Masterpieces of the Renaissance: Selections from the National Collection shines a light on the Bermuda National Gallery’s founding collection, in celebration of our 30th year.
The works in the National Collection were bequeathed to the people of Bermuda by The Hon. Hereward T. Watlington upon his death in 1989. His gift acted as a catalyst for the completion of the Bermuda National Gallery, which had been birthed seven years earlier with the establishment of the Bermuda Fine Art Trust by Desmond Fountain. The Gallery was formally opened to the public in 1992, with the works from Watlington’s private estate, now the National Collection, on display.
In total, 18 paintings were gifted to the nation, with the addition of an Italian Renaissance chest. The collection focuses on European Renaissance works and 18th century British paintings. In this exhibition we have chosen to focus on the Renaissance pieces, which include works by artists such as Andrea Schiavone, Jacopo Palma il Vecchio and Bartolomé Esteban Murillo.
The word renaissance translates from the French as “rebirth”, and the period, which lasted from approximately 1400 to 1700, was a time of great cultural reawakening in the West. Spurred on by discoveries in science, mathematics and astronomy, the period changed the way that people saw the world around them and established the rebirth of classical Roman and Greek philosophy, culture and art.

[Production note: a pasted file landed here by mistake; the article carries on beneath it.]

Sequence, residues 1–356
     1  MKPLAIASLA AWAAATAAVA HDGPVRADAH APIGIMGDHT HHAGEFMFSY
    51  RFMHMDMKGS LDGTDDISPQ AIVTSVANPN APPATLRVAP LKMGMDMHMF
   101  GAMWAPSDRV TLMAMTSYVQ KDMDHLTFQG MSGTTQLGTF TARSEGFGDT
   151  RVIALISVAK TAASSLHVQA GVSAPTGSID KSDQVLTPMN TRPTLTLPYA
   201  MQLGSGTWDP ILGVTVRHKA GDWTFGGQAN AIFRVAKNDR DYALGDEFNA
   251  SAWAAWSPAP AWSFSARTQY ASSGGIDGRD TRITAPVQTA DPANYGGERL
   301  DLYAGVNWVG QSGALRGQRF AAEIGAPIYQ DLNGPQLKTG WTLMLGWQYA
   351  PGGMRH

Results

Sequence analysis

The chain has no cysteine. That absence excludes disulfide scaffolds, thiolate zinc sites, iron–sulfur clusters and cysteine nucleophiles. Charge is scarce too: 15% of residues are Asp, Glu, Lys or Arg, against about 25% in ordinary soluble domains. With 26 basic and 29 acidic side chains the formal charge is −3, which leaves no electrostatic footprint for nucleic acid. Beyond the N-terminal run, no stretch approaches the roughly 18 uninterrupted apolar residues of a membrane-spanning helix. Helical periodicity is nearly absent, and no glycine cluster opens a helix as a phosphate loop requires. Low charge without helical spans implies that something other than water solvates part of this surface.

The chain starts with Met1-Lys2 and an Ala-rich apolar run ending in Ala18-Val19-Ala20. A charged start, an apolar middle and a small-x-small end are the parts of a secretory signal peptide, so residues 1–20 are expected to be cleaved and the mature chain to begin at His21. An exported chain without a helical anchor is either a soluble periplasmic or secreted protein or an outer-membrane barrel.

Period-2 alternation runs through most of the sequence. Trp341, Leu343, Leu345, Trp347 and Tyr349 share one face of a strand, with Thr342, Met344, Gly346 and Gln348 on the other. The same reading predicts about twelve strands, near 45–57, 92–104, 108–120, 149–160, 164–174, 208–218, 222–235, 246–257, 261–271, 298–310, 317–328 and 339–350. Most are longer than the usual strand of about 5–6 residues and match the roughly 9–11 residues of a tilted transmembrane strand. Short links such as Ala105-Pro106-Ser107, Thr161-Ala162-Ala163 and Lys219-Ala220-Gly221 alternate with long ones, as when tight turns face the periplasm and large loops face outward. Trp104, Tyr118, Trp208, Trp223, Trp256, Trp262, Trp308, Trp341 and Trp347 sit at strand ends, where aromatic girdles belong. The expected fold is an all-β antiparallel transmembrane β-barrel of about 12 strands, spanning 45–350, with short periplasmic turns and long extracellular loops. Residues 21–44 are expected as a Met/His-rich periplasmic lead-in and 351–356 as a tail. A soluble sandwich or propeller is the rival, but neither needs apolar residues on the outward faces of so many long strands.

Masterpieces of the Renaissance: Selections from the National Collection is on display in the Watlington Room through to April 29.
A True Renaissance Man
The Honourable Hereward T. Watlington (Bermudian, 1902-1989) bequeathed his collection of paintings to the Bermuda government on the condition that they “establish a gallery suitable to house such paintings with such atmospheric control as the Metropolitan Museum of Art in New York”. Almost all the artists collected by Watlington were already held in The Met’s permanent collection, and the museum was identified as a second potential location for the deed of gift.
Watlington had been one of the Founding Trustees to establish the Bermuda Fine Art Trust, their mission being to create a national gallery for the island. His bequest acted as a catalyst for the completion of the project and in 1992 the Bermuda National Gallery was formally opened to the public.
Described as “the closest thing Bermuda has ever had to a true Renaissance man” by fellow BNG founding trustee Dennis Sherwin, the Hon. Hereward T. Watlington had originally planned to dedicate his life to the arts, and studied painting in Paris, but returned to Bermuda to run the family business after his eldest brother was killed in the first world war.
As well as being the owner of one of the most significant art collections on the island, Watlington was an avid painter and several of his own works were exhibited in Portrait of a Legacy at BNG in 1995. However, it is his gift to the nation of 17 European masterpieces from his private estate that forever changed the cultural landscape in Bermuda. Without it, the Bermuda National Gallery, which this year celebrates its 30th anniversary, may never have come to fruition.